Google has introduced technology to allow users to edit online documents offline.
The announcement marks a step forward in cloud computing, an alternative to having local servers or personal devices handling users' applications by sharing computing resources.
Some businesses have been reluctant to use online applications because of concerns that work may be lost if connections fail.
"Cloud computing is great, but you need the cloud to make it work. On an aeroplane, on the shuttle commuting to work, or at home when my cable modem goes down, I want to work on my documents. And, until now, that usually meant saving a copy and editing on the desktop," said Philip Tucker, software engineer at Google Docs.
"With Google Docs offline (powered by Google Gears), I can take my little piece of the cloud with me wherever I go. Once enabled, I have a local version of my document list and editors, along with my documents," said Tucker.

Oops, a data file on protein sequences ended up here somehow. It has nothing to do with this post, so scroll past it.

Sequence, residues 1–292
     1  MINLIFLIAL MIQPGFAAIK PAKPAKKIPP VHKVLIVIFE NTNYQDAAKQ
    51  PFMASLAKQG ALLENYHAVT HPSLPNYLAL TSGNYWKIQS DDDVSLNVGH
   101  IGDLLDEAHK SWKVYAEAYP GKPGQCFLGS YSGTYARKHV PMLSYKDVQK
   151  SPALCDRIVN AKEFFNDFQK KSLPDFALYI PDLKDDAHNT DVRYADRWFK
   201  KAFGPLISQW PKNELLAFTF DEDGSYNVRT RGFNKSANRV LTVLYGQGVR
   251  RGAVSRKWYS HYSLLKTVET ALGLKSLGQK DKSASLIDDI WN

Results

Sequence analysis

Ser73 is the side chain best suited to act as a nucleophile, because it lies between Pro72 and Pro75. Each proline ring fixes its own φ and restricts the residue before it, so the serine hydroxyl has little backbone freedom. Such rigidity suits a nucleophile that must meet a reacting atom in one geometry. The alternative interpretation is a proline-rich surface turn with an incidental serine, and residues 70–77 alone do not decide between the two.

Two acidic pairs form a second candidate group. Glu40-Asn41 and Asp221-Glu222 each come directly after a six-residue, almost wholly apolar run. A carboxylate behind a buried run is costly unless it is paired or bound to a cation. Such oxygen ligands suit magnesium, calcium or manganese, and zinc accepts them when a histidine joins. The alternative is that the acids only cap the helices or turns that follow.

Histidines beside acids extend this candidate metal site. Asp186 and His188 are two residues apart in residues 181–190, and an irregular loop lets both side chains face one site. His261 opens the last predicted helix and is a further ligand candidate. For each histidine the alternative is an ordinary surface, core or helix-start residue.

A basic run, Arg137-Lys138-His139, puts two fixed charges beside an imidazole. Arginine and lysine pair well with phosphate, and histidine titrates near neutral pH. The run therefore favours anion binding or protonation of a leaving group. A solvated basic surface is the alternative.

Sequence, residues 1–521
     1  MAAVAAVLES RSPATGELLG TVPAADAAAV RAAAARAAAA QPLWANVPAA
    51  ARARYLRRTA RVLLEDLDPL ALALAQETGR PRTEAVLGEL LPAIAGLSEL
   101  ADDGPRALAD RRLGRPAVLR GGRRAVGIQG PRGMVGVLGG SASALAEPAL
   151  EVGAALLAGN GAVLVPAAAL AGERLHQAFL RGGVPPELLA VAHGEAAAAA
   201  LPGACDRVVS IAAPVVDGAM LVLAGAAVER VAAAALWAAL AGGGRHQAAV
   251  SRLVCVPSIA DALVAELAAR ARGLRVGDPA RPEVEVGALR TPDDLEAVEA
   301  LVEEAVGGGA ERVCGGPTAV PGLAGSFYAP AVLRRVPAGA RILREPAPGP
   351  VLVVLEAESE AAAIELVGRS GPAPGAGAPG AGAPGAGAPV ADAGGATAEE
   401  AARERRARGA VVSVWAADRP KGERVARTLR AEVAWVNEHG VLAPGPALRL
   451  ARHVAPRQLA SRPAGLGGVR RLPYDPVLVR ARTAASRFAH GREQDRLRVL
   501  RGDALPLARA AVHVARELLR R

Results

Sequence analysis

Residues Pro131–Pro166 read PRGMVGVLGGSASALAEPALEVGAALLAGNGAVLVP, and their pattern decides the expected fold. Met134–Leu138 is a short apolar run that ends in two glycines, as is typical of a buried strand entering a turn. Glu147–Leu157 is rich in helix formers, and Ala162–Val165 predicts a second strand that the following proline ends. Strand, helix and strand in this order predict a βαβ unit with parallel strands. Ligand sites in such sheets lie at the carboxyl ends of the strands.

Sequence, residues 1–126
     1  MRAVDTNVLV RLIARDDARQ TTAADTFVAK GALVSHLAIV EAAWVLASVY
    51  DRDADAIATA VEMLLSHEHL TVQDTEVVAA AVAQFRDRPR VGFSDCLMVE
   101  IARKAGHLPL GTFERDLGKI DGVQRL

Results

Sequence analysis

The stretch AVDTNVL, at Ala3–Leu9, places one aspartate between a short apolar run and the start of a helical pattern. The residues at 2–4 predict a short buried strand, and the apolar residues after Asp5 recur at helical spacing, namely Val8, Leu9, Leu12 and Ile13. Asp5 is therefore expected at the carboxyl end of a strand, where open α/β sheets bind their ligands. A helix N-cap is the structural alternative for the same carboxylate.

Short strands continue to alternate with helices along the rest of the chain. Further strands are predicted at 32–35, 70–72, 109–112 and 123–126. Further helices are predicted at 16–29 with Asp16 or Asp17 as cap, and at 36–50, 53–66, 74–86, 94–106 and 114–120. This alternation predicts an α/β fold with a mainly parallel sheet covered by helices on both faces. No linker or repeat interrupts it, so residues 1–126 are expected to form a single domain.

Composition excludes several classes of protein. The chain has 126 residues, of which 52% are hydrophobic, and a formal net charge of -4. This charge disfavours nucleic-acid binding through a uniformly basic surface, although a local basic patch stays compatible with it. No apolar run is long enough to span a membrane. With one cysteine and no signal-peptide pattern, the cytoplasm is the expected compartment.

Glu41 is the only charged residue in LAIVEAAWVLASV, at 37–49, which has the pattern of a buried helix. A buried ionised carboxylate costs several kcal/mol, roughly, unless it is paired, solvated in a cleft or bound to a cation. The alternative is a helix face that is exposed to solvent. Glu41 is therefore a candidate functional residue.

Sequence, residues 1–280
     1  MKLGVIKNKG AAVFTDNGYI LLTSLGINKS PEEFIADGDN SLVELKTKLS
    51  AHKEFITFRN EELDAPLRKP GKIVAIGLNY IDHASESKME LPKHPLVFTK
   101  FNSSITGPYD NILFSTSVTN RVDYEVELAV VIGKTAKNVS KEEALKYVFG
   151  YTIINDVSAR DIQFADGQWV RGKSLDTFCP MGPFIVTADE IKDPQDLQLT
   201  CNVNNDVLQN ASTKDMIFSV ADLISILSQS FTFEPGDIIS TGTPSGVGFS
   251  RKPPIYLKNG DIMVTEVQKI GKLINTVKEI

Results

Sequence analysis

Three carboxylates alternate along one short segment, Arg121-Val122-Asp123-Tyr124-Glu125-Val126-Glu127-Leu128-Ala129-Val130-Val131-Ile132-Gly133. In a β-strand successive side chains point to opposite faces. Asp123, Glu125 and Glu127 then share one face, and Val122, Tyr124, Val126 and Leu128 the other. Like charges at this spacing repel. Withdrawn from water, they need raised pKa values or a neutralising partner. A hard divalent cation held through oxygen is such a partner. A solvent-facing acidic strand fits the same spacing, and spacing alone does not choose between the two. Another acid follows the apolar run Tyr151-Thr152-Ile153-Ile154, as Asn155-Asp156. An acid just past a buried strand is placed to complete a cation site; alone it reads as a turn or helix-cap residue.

As long users have an internet connection, every change they make is saved to the cloud. When the connection is lost, users lose some features, but can still access documents.
The initial release allows offline editing of word processing documents. Google plans to expand the service to support offline access to presentations or spreadsheets.
Users will be able to work on documents created at docs.google.com offline. Any changes to the document will automatically sync up to the online version from the offline version, which is stored locally on the user's PC.
Users download a browser plug-in called Google Gears. Gears is open source, and any developer can build their web applications to work with it, said Google.